April 5, 2011
By Jon Cooper
Kristine Priebe isn’t the type to actively seek attention.
The spotlight just seems to find her.
Her latest accolade is being named a finalist for Lowe’s Senior CLASS Award. The 10 finalists for the award, which is an acronym for Celebrating Loyalty and Achievement for Staying In School® and recognizes student-athletes making a positive difference in the community, was pared down from 30 candidates and was announced last week.
Anyone around the Georgia Tech program could have told you Priebe has embodied those characteristics and was worthy long before last week.
“It is a reward,” said Head Softball Coach Sharon Perkins. “For her to go through what she went through her first two seasons and then to come in here and have success and this year have another successful season is nice because she takes part in a lot of off-the-field activities as well. This is kind of part of that.”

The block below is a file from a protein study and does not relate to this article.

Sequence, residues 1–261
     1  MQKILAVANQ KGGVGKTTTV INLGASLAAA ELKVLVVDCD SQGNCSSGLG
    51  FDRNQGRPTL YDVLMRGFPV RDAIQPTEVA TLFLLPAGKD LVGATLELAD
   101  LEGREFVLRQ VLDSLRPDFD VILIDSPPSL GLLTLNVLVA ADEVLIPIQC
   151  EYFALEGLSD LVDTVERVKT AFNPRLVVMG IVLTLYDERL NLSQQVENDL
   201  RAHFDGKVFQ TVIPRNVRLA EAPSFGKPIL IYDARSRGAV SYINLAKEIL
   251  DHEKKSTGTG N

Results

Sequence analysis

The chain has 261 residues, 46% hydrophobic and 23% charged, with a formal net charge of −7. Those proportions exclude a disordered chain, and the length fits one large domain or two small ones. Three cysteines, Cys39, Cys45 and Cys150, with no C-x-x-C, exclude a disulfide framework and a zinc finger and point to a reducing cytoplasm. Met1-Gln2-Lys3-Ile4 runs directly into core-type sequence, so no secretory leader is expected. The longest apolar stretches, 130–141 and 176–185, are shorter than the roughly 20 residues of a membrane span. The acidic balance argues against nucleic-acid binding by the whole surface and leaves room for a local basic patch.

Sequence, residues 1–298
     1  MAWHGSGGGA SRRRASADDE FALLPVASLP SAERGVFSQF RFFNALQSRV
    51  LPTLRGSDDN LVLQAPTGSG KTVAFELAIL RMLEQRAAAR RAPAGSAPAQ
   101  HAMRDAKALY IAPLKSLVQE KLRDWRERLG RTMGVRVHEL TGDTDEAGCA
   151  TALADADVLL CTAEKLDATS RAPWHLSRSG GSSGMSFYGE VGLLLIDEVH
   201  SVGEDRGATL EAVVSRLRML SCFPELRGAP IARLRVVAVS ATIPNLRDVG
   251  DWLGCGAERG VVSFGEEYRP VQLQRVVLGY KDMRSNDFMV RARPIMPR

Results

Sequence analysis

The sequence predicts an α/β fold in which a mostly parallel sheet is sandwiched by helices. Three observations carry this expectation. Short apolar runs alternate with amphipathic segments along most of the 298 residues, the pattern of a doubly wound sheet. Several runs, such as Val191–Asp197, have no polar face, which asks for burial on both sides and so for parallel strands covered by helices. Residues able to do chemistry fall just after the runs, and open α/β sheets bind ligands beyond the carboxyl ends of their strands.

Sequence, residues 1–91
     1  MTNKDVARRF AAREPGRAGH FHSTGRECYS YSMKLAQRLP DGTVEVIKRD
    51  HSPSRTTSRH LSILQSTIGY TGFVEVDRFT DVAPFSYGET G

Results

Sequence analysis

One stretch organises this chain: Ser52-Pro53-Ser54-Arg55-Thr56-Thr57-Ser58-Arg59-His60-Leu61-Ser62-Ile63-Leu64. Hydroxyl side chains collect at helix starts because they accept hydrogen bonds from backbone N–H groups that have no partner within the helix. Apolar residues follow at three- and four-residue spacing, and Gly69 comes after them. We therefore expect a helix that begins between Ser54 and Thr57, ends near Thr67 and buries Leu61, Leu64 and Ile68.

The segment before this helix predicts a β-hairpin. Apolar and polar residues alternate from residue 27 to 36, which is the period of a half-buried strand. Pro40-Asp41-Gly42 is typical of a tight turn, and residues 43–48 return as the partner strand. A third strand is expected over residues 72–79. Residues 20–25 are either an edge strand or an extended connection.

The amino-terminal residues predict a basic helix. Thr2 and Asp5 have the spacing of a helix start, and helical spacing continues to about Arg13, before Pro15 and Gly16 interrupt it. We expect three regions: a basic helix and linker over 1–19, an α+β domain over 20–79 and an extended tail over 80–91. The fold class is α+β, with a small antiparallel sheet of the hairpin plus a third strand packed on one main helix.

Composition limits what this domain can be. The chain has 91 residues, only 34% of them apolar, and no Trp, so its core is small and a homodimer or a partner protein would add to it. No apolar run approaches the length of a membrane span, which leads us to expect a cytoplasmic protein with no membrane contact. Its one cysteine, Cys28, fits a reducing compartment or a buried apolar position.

The Lowe’s Senior CLASS Award celebrates student-athletes for their contributions as leaders on the field and in the community. Priebe has made a concerted effort to excel at both.
“I’ve been working on trying to be a leader ever since I got here,” said the native of Moorpark, Calif., who transferred from the University of Florida. “I think it shows in some areas. Being on the infield, I think it’s important to have a leader there. This is my last year. Why not go all out?”
Last season, Priebe was named All-ACC First Team and All-Southeast Region Second Team after hitting .331, with 15 homers, and 59 RBIs with a .657 slugging average, a.491 on-base percentage, and, on defense, a .988 fielding percentage.
In 2011, she’s raised her game. She’s hitting .354, with 10 homers, 36 RBI, with a .768 slugging percentage, all in the top five on the team. The bigger the situation, the more dangerous Priebe becomes. She’s batting .326 with runners in scoring position, .545 with a runner on third and less than two out, .378 with a runner on third and two out, and has 14 two-out RBIs.